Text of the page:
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Wadrick's Celluloid Dungeon

The Milagro Beanfield War (1988) • The Ninth Configuration (1980) • The Gate (1987)

The Milagro Beanfield War (1988) Poster Art
The Milagro Beanfield War (1988)
Ruben Blades, Richard Bradford, Sonia Braga, Julie Carmen, Melanie Griffith, John Heard, Daniel Stern, Chick Vennera & Christopher Walken.
Written by John Nichols & David Ward.
Directed by Robert Redford.

In the beautiful country surrounding Milagro, New Mexico, developers plan to build a resort that will have disastrous consequences for the locals. When a poor bean farmer (Vennera) decides to use the developments’ water supply to irrigate his beanfield, he stirs up a whirlwind of strife that eventually involves the entire town. This whimsical tale has a cast of many talented performers – from Blades as the humdrum town sheriff, to Walken as the company man who attempts to subvert the efforts of the townspeople trying to put a stop to the capitalist plans of big business. Often fanciful, this morally uplifting film is deftly handled by director Redford and buoyed along by a wonderful score by Dave Grusin. Taken from co-screenwriter John Nichol’s novel, this is one of those movies that somewhat slipped through the 80’s cracks – however it still remains one of the decades’ best films.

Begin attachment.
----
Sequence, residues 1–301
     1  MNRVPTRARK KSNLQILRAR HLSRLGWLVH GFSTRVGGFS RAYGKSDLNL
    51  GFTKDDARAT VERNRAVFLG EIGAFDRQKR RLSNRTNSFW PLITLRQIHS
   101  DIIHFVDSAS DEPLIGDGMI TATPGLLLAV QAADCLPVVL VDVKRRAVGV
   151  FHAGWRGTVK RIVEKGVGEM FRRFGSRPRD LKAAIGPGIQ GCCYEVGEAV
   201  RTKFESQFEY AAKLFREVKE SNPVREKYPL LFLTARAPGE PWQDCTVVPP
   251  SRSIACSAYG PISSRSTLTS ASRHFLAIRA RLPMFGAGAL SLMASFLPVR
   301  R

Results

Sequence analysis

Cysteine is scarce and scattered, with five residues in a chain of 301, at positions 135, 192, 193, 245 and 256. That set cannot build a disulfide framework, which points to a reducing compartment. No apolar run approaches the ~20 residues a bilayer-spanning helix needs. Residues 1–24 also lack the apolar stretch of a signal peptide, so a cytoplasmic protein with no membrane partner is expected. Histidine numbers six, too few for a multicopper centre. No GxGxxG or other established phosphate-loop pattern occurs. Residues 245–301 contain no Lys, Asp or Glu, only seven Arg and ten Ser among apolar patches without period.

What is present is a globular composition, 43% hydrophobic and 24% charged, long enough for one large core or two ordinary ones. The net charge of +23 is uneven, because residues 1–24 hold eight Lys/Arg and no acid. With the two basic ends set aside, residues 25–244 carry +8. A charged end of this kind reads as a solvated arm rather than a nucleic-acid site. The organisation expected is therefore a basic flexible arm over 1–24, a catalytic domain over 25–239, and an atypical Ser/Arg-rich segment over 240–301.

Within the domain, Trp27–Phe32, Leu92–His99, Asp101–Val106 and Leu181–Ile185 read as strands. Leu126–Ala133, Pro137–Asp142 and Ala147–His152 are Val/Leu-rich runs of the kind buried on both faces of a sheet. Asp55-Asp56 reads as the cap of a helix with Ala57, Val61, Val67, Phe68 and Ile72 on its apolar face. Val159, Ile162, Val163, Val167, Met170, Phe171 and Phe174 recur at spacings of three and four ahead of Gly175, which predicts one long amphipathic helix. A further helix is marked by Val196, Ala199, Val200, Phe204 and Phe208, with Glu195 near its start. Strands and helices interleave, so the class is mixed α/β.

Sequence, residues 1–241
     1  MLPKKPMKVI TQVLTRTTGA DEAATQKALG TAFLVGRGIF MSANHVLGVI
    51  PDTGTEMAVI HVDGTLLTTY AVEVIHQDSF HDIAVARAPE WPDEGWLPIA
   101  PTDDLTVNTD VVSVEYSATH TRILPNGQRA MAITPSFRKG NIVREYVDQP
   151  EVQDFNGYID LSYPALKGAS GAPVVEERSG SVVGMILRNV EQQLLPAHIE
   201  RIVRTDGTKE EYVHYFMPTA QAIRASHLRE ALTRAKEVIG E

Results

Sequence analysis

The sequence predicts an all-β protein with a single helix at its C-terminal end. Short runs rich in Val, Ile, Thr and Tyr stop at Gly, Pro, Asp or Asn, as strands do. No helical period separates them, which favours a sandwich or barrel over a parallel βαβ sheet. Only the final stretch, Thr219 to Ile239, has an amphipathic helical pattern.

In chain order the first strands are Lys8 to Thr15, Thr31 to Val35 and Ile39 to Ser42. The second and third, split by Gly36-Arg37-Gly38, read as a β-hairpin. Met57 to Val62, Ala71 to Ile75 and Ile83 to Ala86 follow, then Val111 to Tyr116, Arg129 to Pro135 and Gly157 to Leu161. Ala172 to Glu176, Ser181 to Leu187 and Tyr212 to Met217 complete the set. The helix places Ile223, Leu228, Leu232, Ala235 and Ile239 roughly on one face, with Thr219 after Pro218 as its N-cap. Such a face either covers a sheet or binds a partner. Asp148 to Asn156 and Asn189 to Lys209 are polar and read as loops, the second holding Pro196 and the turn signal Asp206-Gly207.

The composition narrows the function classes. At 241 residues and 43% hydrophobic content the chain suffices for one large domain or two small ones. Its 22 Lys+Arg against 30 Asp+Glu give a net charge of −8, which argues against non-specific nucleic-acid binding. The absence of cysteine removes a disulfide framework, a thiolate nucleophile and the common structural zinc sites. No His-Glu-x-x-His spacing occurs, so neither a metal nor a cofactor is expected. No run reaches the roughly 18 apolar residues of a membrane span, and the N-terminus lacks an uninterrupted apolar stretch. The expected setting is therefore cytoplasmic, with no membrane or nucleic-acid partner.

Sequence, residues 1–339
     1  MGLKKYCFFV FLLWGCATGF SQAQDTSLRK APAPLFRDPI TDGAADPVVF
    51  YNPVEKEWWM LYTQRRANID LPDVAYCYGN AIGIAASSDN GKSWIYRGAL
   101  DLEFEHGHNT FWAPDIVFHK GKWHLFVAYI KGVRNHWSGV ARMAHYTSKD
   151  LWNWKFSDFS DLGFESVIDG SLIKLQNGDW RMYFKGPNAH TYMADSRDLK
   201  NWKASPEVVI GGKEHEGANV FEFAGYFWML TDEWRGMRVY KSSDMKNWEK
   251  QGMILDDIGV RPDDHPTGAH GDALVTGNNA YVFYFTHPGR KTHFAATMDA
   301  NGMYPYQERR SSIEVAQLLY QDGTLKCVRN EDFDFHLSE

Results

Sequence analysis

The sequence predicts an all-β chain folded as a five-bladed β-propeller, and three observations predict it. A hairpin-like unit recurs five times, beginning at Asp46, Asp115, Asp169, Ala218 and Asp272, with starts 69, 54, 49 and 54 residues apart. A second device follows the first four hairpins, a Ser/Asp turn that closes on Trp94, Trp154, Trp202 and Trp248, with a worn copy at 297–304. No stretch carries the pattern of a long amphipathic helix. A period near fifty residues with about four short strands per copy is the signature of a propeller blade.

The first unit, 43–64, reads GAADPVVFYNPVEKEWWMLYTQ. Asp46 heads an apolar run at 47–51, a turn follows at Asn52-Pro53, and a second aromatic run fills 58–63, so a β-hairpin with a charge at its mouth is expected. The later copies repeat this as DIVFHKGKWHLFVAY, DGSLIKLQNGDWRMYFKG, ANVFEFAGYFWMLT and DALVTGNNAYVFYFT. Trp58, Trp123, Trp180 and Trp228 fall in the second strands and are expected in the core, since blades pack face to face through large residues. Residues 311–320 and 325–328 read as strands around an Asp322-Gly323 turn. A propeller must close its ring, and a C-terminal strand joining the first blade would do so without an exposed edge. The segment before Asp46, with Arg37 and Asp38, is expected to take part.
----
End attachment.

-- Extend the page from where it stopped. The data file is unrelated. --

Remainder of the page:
The Ninth Configuration (1980) Poster Art
The Ninth Configuration (1980)
Stacy Keach, Scott Wilson, Jason Miller, Ed Flanders, Moses Gunn & Robert Loggia.
Written & Directed by William Peter Blatty.

At an old castle used by the US military as an asylum, the inmates are greeted by the arrival of the new head psychiatrist, Colonel Kane (Keach). He proceeds to indulge their whims and many begin to suspect that he is nuttier than they are. But that’s only the beginning of this ‘metaphysical nightmare’, often referred to as the true sequel to The Exorcist. Rarely seen, this incredible film features some of the most brilliant dialogue ever written – an endless barrage of psychological theories pertaining to the existence of good and evil and their place in humanity. Adapted from Blatty’s own novel Twinkle, Twinkle, Killer Kane (the film’s title at one point – see poster above) this classic film features wild performances from all involved, a crazy barroom brawl and a denouement that will knock your socks off. The Ninth Configuration is a must-see for anyone who loves writing and the art of filmmaking, especially those who think they have seen or heard it all.